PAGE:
1/12/2014 – Our stay in the Bay of Islands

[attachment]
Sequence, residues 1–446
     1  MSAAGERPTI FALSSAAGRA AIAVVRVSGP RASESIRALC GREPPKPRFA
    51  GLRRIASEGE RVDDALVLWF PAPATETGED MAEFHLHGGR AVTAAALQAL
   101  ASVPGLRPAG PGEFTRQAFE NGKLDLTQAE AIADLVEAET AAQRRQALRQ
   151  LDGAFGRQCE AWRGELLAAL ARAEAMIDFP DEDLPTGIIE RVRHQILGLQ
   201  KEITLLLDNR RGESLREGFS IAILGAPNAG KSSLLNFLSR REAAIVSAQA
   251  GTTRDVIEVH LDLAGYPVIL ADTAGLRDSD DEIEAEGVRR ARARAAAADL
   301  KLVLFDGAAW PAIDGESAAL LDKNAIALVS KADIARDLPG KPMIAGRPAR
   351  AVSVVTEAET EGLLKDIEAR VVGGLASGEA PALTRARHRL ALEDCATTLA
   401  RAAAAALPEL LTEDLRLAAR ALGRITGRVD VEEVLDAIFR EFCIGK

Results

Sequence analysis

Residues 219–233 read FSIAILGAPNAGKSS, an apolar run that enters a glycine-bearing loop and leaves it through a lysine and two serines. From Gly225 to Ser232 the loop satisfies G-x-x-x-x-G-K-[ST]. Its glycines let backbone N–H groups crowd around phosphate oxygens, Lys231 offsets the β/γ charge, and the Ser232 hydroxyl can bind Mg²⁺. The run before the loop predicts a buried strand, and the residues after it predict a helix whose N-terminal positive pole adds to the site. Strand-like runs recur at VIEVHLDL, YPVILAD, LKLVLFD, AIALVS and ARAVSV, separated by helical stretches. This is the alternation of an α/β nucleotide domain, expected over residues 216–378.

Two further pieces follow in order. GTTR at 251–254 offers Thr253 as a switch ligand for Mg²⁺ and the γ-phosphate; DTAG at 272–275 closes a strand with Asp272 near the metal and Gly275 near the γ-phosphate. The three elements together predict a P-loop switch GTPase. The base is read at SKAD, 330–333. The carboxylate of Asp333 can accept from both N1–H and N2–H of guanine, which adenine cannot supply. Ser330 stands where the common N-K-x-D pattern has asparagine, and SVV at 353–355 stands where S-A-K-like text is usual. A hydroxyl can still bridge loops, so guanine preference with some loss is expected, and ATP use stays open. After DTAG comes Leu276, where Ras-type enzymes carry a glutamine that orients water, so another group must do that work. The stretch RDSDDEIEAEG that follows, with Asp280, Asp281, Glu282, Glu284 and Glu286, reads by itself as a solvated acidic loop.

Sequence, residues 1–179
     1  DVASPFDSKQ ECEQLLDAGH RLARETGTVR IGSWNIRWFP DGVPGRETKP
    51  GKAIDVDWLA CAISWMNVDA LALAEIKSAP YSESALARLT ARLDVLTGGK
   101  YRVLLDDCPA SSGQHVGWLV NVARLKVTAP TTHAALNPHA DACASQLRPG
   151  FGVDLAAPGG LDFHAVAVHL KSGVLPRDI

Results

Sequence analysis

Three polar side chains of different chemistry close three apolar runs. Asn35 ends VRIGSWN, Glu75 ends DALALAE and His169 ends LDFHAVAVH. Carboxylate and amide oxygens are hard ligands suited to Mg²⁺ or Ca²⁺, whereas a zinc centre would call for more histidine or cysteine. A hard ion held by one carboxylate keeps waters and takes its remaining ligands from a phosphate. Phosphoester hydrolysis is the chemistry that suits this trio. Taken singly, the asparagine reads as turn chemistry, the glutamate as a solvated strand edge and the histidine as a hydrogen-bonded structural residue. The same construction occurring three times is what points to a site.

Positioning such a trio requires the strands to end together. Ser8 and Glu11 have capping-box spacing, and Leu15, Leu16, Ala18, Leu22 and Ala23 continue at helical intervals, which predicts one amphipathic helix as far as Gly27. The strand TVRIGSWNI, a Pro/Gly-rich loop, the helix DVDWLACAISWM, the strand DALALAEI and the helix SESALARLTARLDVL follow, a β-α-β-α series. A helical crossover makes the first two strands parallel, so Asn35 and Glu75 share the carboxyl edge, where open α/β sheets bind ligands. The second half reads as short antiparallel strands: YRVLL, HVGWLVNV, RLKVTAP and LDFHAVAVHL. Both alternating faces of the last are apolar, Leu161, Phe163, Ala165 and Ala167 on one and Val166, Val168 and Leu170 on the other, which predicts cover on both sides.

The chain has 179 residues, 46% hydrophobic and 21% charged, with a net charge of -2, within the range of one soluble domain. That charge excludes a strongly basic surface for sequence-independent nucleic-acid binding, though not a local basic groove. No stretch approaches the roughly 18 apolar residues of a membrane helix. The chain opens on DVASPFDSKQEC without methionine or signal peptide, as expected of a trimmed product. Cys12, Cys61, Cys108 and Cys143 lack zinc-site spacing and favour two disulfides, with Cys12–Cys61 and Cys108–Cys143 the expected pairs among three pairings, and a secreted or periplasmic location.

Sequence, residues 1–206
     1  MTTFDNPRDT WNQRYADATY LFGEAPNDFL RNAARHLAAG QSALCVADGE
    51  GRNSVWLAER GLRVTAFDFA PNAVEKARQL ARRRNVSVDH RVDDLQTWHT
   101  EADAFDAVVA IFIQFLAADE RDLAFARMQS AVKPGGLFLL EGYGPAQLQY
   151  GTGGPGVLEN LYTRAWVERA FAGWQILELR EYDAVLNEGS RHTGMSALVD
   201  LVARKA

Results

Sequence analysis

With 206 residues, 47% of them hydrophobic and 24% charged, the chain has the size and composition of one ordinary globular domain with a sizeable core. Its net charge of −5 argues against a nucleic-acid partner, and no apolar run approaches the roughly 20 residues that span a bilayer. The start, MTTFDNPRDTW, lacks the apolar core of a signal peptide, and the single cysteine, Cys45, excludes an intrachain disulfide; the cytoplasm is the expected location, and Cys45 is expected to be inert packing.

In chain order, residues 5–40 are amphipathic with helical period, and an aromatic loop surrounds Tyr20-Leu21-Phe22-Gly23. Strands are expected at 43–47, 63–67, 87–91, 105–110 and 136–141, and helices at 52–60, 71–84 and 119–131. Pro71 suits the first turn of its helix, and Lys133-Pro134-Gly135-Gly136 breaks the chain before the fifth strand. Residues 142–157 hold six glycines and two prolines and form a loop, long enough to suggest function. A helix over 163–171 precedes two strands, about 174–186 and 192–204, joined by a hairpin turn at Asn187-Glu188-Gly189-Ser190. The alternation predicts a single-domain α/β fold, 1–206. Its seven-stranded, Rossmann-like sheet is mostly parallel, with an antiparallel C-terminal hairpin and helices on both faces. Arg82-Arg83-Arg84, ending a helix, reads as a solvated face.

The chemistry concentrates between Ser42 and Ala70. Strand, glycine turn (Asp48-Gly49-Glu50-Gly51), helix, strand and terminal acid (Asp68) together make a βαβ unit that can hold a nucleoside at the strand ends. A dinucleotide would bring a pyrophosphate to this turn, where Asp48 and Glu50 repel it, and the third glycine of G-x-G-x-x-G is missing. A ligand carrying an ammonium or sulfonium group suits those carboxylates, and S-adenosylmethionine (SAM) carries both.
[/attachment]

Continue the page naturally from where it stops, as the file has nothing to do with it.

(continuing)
We quickly settled into shore-based life and hired a car for 7 days. This proved to be a bit of a mistake as, apart from a trip to the bank in Paihia to collect our debit cards then onwards to Kerikeri for a quick supermarket shop and SIM cards from Vodafone, we only used the car once more, to source gas refills at a filling station. We had been warned that Calor propane tanks would not be refilled, we had also heard they could be filled if they were pressure tested each time at a cost of NZ€45 each. In the event local knowledge suggested a filling station which might oblige! The next week was busy, with seminars in the afternoons run by the Island Cruising Association, social events in the evening and a few morning trips. The highlight for me was 9 holes of golf on the spectacular Weimata Golf Course with views over the water, dolphins frollicking near one of the tees, very interesting holes and good company. I hadn't touched a golf club since March 2013 but didn't embarrass myself. The Opua Sailing Festival ended with a BBQ on Roberton Island on Sunday. The Bay of Islands is a lovely cruising ground with lots of anchorages to suit different wind conditions, all very close together, stunning beaches though the water is rather cold at the moment even by British standards, some great walks with spectacular views, allegedly very good fishing and not many other boats at this time of the year. The really busy season is from Christmas until the end of January. From Roberton Island, also known as Matuarohia Island, we went through the Albert Channel out of the main area of the Bay to Oke Bay on the mainland a short distance west of Cape Brett where Firefly joined us. Cape Brett is an imposing headland, giving its name to the sea area in the New Zealand shipping forecasts. The bay was well sheltered and was the start of a 14km 8 hour walk to Cape Brett, only suitable for very fit people. That's us discounted then! At the top of the hill, overlooking the bay to the north we found a graveyard with mainly Maori names and one very different memorial stone. I'll only quote a couple of lines but I have photographic proof: "So I blaze another spliff for you Spray can throw up a hit for you" I can't see such an inscription allowed in a graveyard in England! We also met an Aussie from the only other boat in the bay who had met John's brother on a delivery trip from the Med to the Solent over 10 years ago, just to prove what a small world it is. From Oke Bay we returned via the Albert Channel and anchored in Opunga Cove together with Brizo and Firefly. It was a pretty bay backed by a lovely sandy beach and a few well cared for houses. It was then time to return to Opua for an Ocean Cruising Club pot luck supper at the local port representative's house. Saturday was our last full day in Opua and we cycled along the newly opened trail to join the vintage railway at Taumarere Station for the trip to Kawakawa, on a train hauled by a 1927 4-4-0 pannier tank engine built in Bristol. The main highlight in Kawakawa is a visit to the public toilets designed by Hundertwasser, a riot of colours and shapes not to mention a wall made of bottles. Our stay in the Opua area has come to an end for this year and we cast off late Sunday morning heading south towards Whangarei. Joyce

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